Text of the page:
We’ve had a lot to say about small business optimism before, and yet there is never enough thought on the matter. While small business optimism rose slightly in October to 102.4 from 101.8 in September, it has stalled compared to the yearly average. Despite being at a solid level, small business optimism is 4.25 points lower than in 2017 and nearly 2 points lower than 2016. While higher than the Obama administration, U.S. small business sentiment is at its lowest level during the Trump administration.
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Labor Indicators Appear to Have Peaked as Optimism Stalls
All three indicators of hiring have peaked or plateaued. Net hiring is down from 0.52 workers/firm in February to 0.12 in October. Planning to hire metrics also appear to have peaked in early 2019.
Sixty percent reported hiring or trying to hire (up 3 points), but 53 percent (88 percent of those hiring or trying to hire) reported few or no “qualified” applicants for the positions they were trying to fill – The National Federation of Independent Business
It’s also clear from the number of job openings that finding qualified labor continues to be a challenge. We’ve discusses ways of trying to eliminate bias as a potential solution to chronic shortages. Also, it is unclear, but likely that our severe drop in immigration has dried up a potential pool of workers, thereby hampering our growth. And as growth stalls, so too does optimism.
Tight Labor is Putting Pressure on Compensation & Earnings
Higher worker compensation rose to a net 30% across all firms. With a tight labor market, compensation is the most likely, but not the only way to attract and retain qualified worker. As we‘ve mentioned before, employees are motivated by more than just salary. The majority of companies rely solely on compensation, which has a negative impact on earnings given counter inflationary price pressures. Earnings peaked in early 2018, and they have been in a downward slide since.
Trade Policy is Negatively Affecting Capital Spending
We have written numerous blog post about our point of view on the current trade war stance, and it’s negative impact on small business. According to NFIB survey, others feel the same.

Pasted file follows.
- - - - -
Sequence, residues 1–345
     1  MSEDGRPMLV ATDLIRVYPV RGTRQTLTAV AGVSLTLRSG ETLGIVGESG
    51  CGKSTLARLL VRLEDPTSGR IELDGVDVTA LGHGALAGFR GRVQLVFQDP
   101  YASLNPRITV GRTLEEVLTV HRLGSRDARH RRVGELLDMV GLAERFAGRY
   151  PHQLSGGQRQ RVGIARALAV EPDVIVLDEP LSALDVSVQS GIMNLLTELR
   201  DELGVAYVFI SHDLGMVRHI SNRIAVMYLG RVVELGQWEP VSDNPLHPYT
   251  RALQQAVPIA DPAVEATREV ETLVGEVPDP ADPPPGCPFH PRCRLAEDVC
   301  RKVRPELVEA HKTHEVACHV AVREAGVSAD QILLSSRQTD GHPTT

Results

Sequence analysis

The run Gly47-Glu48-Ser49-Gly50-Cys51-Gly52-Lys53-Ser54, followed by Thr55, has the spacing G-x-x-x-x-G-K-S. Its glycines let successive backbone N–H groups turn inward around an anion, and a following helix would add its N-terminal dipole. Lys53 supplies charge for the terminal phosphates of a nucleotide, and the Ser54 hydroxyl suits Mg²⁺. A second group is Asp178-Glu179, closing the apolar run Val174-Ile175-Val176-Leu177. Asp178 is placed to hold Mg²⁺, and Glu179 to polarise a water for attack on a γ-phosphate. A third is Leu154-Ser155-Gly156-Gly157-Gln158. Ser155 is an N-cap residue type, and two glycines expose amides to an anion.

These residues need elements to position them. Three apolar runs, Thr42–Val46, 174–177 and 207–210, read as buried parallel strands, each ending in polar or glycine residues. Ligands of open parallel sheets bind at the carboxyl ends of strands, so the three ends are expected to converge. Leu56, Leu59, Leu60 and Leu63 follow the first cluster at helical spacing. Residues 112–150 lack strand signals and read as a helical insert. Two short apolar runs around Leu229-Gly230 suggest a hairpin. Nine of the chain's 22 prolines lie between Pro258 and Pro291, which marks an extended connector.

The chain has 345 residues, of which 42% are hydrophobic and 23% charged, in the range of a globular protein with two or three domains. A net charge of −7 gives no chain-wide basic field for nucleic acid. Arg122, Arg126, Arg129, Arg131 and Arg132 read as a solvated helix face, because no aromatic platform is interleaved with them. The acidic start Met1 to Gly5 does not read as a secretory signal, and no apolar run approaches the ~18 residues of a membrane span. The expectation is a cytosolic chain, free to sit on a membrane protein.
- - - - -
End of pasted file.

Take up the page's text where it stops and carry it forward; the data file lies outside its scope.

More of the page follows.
Trade policy is impacting many small firms adversely; about 30 percent recently reported negative impacts. Making commitments about production and distribution will be more difficult until import and export prices are stabilized with trade agreements. – NFIB
Hopefully, the pressures of an election year will allow for a cooling of tensions, but we will have to wait and see. As of now, it has left us in a standstill as small business optimism is in a holding pattern
Positive Tail Winds: Credit, Sales, and Inflation
Credit availability and inflation are the two positive spots in this report. Sales are strong, but uncertainty is holding it back from its full potential. Another set of effects of a stall in optimism, but one that could have a more positive result.
4% of business reported higher sales in past three months, up 2 points. In addition, 17% of owners expect higher sales in the next 3 months. Sales have been steady, but there is significant uncertainty due to the action by the Fed, recession worries, and political chaos in Washington.
Owners reporting that their credit needs were not met or that credit was harder to get are both at record lows. Nearly 40% said that all their credit needs met, and 55% were not interested in or needed credit.
“On balance, inflationary pressures are weak on Main Street as confirmed by government inflation reports.” -NFIB
It’s hard to argue that policy isn’t affect small business health. Both the trade war and immigration policy appear to be self-inflicted wounds. Both are acting to negate the positive tailwinds driving optimism. Until these are corrected, one would expect optimism to stand still.